Musculoskeletal system: functions and structure. Development of the human musculoskeletal system
All movement organs providing movementbodies in space, are united in a single system. It includes bones, joints, muscles and ligaments. The musculoskeletal system of a person performs certain functions, conditioned by the peculiarities of the formation and structure of the organs of motion.
Significance of the musculoskeletal system
The human skeleton performs several vital functions:
- provides movement;
- takes part in the mineral metabolism and hematopoiesis.
Violation of the musculoskeletal system causespathological processes in the work of many body systems. Muscles attached to the bones, moving them relative to each other, so that the movement of the body in space is provided. The muscular apparatus has its own functional feature:
- surrounds the cavity of the human body, protecting them from mechanical damage;
- perform a supporting function, supporting the body in a certain position.
In the process of development of the musculoskeletal systema person is stimulating the development of the central nervous system. The development of muscles and nerve cells - dependent processes. Knowing which functions of the musculoskeletal system are necessary for the normal functioning of the body, we can conclude that the skeleton is a vital body structure.
In the period of embryogenesis, when the bodypractically no stimuli act, the fetal movements cause irritation of the muscle receptors. From them impulses go to the central nervous system, stimulating the development of neurons. At the same time, the developing nervous system stimulates the growth and development of the muscular apparatus.
Anatomy of the skeleton
A skeleton is a collection of bones that performsupporting, motor and protective functions. The musculoskeletal system of a man has about 200 bones (depending on the age), of which unpaired are only 33-34 bones. Distinguish axial (thorax, skull, spine) and additional (free limbs) skeletons.
Bones are formed by bone tissue related toa variety of connective tissue. It consists of cells and a dense intercellular substance, which contains many mineral components and collagen, providing elasticity.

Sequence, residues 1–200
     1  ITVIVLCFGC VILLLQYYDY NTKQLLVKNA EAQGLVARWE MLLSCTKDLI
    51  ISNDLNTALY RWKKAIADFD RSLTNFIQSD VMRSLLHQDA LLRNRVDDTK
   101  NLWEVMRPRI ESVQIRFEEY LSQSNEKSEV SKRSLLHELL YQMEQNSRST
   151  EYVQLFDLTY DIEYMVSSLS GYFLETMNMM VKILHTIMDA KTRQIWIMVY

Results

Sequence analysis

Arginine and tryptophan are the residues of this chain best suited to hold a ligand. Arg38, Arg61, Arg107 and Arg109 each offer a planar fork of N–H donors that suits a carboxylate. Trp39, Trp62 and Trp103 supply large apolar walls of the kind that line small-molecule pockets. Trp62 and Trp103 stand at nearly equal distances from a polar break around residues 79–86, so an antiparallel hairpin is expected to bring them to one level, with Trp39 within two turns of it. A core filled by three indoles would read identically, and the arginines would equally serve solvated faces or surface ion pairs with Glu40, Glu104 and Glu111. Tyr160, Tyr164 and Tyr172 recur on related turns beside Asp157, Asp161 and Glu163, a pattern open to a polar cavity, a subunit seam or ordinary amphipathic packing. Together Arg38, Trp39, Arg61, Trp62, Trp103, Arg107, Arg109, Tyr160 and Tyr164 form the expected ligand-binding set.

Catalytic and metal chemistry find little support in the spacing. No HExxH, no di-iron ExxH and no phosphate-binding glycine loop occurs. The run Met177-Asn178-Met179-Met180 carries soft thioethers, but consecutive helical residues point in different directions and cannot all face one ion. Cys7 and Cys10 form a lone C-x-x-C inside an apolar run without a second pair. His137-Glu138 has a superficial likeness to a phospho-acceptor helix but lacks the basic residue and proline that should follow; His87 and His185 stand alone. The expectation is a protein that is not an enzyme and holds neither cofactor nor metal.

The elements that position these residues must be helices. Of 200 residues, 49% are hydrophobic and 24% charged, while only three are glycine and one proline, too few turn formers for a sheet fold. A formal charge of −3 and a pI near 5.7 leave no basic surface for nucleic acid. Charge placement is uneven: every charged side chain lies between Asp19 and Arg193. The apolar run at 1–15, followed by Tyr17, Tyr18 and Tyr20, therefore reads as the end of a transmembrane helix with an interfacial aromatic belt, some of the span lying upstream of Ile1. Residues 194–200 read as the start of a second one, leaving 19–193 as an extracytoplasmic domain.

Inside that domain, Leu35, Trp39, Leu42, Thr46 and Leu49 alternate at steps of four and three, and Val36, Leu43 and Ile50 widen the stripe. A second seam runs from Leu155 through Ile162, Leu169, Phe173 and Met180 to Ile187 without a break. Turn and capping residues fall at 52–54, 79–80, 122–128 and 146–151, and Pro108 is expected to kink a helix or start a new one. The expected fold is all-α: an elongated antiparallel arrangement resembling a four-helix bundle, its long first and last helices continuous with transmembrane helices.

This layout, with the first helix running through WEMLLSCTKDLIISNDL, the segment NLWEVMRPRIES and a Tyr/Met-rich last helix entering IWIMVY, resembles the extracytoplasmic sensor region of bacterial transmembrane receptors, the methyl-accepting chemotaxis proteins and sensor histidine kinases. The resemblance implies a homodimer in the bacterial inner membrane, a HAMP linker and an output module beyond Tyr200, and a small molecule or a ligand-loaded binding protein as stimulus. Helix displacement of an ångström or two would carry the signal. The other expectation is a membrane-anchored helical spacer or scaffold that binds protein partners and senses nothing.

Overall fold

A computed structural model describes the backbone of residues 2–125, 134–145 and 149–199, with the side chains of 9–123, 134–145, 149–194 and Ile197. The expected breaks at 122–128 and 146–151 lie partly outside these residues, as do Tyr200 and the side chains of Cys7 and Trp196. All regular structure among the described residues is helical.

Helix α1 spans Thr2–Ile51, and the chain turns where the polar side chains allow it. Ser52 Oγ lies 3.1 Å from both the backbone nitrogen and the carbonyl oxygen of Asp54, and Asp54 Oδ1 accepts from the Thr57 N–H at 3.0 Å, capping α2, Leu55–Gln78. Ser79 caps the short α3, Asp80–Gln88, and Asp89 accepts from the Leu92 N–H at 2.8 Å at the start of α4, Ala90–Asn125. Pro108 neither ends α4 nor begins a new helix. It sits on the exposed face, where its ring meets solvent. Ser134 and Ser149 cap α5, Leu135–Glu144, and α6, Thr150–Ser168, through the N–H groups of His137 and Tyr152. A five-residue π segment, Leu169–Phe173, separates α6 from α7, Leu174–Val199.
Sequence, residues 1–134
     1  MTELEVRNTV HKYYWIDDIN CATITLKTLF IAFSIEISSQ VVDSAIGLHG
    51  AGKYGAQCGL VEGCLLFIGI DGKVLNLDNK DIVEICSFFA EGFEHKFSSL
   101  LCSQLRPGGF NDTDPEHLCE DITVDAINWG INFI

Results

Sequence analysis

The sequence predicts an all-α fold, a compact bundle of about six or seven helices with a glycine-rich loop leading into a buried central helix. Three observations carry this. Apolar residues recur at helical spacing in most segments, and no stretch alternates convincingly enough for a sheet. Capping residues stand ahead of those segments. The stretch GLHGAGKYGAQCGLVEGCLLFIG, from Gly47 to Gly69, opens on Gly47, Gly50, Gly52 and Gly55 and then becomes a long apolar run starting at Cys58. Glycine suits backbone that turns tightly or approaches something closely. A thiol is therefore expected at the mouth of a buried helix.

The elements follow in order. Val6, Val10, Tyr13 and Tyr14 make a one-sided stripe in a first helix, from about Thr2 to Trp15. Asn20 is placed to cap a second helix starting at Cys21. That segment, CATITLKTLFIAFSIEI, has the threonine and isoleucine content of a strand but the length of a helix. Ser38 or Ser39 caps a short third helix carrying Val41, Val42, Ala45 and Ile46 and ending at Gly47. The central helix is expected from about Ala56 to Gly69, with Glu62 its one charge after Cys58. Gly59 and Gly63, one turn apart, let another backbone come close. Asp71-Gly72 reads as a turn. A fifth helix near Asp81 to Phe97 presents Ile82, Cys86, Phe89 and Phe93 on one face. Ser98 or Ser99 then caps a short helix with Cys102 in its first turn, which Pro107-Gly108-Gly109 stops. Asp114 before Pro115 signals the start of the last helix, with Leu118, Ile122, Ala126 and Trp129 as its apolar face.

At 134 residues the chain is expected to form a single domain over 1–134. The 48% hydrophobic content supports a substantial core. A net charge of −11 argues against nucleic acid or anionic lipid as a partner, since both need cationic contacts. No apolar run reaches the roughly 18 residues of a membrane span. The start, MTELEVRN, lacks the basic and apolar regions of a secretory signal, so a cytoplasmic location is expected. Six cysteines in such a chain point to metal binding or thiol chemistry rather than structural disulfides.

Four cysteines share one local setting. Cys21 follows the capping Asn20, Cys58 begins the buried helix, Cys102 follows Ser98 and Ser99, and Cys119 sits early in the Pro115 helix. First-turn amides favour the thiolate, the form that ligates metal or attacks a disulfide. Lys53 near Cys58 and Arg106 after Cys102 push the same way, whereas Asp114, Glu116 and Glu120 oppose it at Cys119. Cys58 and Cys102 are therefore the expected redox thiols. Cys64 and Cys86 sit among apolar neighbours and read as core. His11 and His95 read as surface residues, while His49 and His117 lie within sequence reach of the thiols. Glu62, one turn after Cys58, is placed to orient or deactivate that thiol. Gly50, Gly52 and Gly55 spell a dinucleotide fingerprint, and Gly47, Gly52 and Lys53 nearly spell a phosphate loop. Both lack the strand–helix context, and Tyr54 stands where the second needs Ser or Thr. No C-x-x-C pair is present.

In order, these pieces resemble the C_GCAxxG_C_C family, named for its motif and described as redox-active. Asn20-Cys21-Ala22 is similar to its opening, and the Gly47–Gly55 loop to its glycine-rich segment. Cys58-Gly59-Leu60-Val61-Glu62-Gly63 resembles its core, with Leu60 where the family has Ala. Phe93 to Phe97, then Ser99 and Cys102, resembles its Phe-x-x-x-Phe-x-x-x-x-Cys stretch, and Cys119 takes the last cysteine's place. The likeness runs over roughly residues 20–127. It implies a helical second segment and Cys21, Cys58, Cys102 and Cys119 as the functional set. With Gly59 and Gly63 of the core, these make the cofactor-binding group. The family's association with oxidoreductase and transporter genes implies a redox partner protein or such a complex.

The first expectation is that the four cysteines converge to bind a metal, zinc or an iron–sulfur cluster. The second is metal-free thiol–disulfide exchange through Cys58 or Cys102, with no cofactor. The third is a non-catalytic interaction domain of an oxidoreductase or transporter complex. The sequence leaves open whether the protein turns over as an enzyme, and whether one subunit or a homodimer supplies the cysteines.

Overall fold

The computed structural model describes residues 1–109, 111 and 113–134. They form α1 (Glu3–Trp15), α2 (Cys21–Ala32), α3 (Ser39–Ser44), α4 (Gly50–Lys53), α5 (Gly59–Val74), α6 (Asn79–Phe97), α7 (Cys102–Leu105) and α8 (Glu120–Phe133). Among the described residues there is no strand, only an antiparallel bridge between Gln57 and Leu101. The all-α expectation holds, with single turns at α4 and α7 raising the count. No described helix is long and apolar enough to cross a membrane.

The skeleton is a receptacle for vitalhuman organs: the brain is located in the skull, the spinal cord in the vertebral canal, the thorax provides protection for the esophagus, lungs, heart, the main arterial and venous trunks, and the pelvis protects the organs of the genitourinary system from damage. Violation of the musculoskeletal system can cause damage to internal organs, sometimes incompatible with life.
Structure of bones
A spongy and compact substance is released in the bones. Their ratio varies depending on the location and functions of a certain part of the musculoskeletal system.
A compact substance is localized in the diaphysistubular bones that provide support and locomotor functions. The spongy substance is located in the flat and short bones. The entire surface of the bone (with the exception of the articular) is covered with a periosteum (periosteum).
Formation of bones
In ontogeny, the formation of a systemThe musculoskeletal system undergoes several stages - membranous, cartilaginous and bony. From the second week after conception, a cartilaginous rudiment forms in the mesenchyme of the membranous skeleton. Already by the 8th week the cartilage tissue is gradually replaced by bone.
Substitution of cartilage bone tissue can take place in several ways:
- perichondrial ossification - formation of bone tissue along the perimeter of the cartilage;
- periosteal ossification - the production of young osteocytes formed by the periosteum;
- Enchondral ossification - the formation of bone tissue inside the cartilage.
The process of bone formation isgermination of vessels and connective tissue from the periosteum inside the cartilage (in these places the cartilage is destroyed). From the part of osteogenic cells subsequently develops the spongy substance of the bone.
During fetal developmentossification of the tubal bones (the points of ossification are called primary) occurs, then after the birth ossification of the epiphyses of tubular bones occurs (secondary points of ossification). Up to the age of 16-24 years, the cartilaginous epiphyseal plate is preserved between the epiphyses and diaphysis.
Due to its presence, organsmusculoskeletal system. After the cartilaginous tissue is replaced by the bone and the fusion of the diaphysis and epiphyses of the tubular bones occurs, the growth of a person ceases.
Structure of the spinal column